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TOPIC: Sewer Overflows in the urban setup

Sewer Overflows in the urban setup 01 Nov 2012 15:29 #2571

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Neglected Sewer over flows in the urban area causes spread of more pathogens than open defecation

On October,29, 2012 at around 07:50 hours, I was listening to Radio Simba (Fm 97.3) morning show and heard one of the radio presenters decrying the sewer over flow along one of the streets in Kampala City ( Gaddafi Street). He was calling upon National Water and Sewerage Corporation to come to the rescue of the people; he continued to say that this overflow has been neglected for more than a week.

Although the reporter had that to say, business on this street was going on as usual with no one advocating for an immediate solution.

It is common in Kampala to have such scenarios and about two weeks ago our organization (CAGIEA) submitted an article on sewer overflows in the urban areas to one of the News Paper publication house but it has never been published, probably it was not considered. We shall also publish it in our coming volume of the East Africa Public Toilets Guide. This article was done by our Systems Development Manager.

Sewer overflows are not just filthy but also cause a wide spread of pathogens. Think about it this way;
1. Untreated sewer flows through various premises including parks, shops, and markets, on the streets.
2. There are a number of activities taking place along the city streets including fresh fruit and cooked food vending.
3. Moving vehicles splash sewer on to the road side, and this lands onto food items, vendors of these items including news papers and pedestrians.
4. Pedestrians’ stepping into the flowing sewer and part of it remains on the shoes. This may be left on the floor at home, offices, and other public places. Floor cleaners use bear hands and may not use detergents and so they get into contact with pathogens. Shoe cleaners at home and the commercial shoe shiners also get into contact with pathogens through this process.
5. Part of the sewer get wedged onto the vehicle bodies and tyres; 1) the drivers/riders get into contact with pathogens by touching the dirty vehicle body, 2) vehicles carry the wedged sewer into home garage home cleaners get into contact with pathogens while cleaning the car and garage, some motorcyclist store their bikes within the front-rooms) 3) at the vehicle washing bay the vehicle cleaners get into contact with pathogens on the vehicle bodies.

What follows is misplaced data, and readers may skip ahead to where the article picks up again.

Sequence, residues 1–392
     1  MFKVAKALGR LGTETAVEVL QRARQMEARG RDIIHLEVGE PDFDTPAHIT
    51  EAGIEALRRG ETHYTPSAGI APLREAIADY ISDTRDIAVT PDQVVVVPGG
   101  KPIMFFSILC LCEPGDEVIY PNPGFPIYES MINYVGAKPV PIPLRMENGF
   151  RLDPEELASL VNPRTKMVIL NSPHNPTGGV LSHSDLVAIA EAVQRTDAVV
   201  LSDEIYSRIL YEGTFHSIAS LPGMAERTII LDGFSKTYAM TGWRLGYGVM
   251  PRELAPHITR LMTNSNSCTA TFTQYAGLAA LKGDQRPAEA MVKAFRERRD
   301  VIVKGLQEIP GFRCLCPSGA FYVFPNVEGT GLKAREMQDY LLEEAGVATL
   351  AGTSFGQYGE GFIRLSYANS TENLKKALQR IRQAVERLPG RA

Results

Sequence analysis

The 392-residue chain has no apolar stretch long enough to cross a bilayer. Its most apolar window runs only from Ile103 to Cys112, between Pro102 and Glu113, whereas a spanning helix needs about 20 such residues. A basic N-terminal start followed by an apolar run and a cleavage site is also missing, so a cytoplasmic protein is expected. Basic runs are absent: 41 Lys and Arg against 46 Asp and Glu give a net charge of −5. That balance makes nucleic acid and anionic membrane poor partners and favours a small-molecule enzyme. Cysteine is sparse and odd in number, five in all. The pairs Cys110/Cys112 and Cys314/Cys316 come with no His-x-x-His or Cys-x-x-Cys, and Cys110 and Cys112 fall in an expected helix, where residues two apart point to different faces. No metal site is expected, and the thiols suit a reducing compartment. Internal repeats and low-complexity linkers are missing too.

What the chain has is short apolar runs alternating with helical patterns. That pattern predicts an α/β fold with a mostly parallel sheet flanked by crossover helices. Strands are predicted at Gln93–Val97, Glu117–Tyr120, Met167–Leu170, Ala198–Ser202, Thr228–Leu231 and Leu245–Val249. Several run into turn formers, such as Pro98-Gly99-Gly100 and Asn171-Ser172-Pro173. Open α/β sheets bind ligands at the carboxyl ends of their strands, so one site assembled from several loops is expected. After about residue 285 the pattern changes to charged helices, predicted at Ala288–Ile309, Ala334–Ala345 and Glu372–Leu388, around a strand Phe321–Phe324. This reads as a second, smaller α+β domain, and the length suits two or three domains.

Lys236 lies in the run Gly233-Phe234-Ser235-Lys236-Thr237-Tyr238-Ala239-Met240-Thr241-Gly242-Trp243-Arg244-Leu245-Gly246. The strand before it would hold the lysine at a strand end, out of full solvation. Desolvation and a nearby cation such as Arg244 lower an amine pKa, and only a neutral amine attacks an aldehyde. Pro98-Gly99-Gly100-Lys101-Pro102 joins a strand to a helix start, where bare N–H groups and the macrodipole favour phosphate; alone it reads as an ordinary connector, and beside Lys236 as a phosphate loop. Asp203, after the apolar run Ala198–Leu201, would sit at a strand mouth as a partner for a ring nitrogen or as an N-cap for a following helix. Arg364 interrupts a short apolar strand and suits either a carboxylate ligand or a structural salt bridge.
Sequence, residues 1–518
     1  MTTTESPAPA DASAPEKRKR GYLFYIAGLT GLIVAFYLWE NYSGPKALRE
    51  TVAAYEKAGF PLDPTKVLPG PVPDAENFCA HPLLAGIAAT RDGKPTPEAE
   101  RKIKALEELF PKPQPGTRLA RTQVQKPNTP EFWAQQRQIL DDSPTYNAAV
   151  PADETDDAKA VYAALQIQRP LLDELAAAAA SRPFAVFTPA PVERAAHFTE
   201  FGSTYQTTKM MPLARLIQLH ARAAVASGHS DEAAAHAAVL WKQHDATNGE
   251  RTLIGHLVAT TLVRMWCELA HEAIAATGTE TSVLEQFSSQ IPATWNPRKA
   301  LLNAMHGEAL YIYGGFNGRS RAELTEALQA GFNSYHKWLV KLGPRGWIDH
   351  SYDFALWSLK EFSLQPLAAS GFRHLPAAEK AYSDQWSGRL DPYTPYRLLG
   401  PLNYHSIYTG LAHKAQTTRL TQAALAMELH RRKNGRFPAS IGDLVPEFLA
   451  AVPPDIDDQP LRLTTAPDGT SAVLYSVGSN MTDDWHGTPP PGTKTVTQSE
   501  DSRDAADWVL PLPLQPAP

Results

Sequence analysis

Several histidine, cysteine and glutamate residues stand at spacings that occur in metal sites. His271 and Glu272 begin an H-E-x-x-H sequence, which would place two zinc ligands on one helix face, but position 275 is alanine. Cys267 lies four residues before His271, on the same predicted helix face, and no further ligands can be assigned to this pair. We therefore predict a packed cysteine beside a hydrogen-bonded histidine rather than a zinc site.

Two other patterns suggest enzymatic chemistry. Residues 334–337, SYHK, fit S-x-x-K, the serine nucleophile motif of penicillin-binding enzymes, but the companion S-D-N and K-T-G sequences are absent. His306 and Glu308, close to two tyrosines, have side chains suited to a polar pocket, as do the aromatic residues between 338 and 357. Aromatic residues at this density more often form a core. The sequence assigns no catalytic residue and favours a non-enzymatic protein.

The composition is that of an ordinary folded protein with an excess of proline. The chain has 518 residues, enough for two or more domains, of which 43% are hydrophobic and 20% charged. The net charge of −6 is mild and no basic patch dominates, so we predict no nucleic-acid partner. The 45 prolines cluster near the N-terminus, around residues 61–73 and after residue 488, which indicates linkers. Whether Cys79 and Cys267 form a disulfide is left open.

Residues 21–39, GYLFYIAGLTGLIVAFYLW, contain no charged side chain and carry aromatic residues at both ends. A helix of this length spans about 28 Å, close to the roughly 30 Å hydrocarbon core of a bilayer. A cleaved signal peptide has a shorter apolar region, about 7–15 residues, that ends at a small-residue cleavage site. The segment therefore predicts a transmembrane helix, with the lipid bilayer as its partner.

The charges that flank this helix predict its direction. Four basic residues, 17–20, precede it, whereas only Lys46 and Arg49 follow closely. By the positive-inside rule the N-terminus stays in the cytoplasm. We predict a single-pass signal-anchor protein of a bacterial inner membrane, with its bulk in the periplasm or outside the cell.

6. Even after fixing the overflow the dust in the areas that were covered by the running sewer will have dust have been contaminated with pathogens and this effect goes on for some time.
Below is my ordeal in connection with sewer overflow;
One fateful day in March 2012, I was moving through Kampala city when I came across a source of over flow which was going through various premises; I wanted to test the hygiene around that place so I entered into a food kiosk near that place. I found a young girl mopping the flow using pieces of cloth with bare hands. Before I could make my order a young man worked in and asked the lady to quickly serve him as he was in hurry. The lady abandoned the cleaning, wiped her hands clean with a small towel which was on top of a pile of table plates which were on a table in the corner of the room (later on I discovered that it is this same towel she was using to wipe the eating utensils) then she went to the kitchen and served the waiting customer. I then ordered for a soda but to my surprise the lady wanted to wipe the soda bottle with the same towel she used to wipe her hands so in order to avoid the possibility of pathogen transfer from the towel to the bottle I convincingly stopped her to wipe the soda bottle.

Here we see man as the main vector, note that there are even flies that are vectors as well, so you can imagine the magnitude of contamination and the resultant infections if the overflow is neglected for a week in the any public place. We need to sensitize the masses on the impact of urban sewer overflows. The community should always come up to fight it whenever it happens by either engaging the health inspectors, property owners, environment police and any other stakeholders so that the overflow is dealt with immediately.

By Deo
Technical Director
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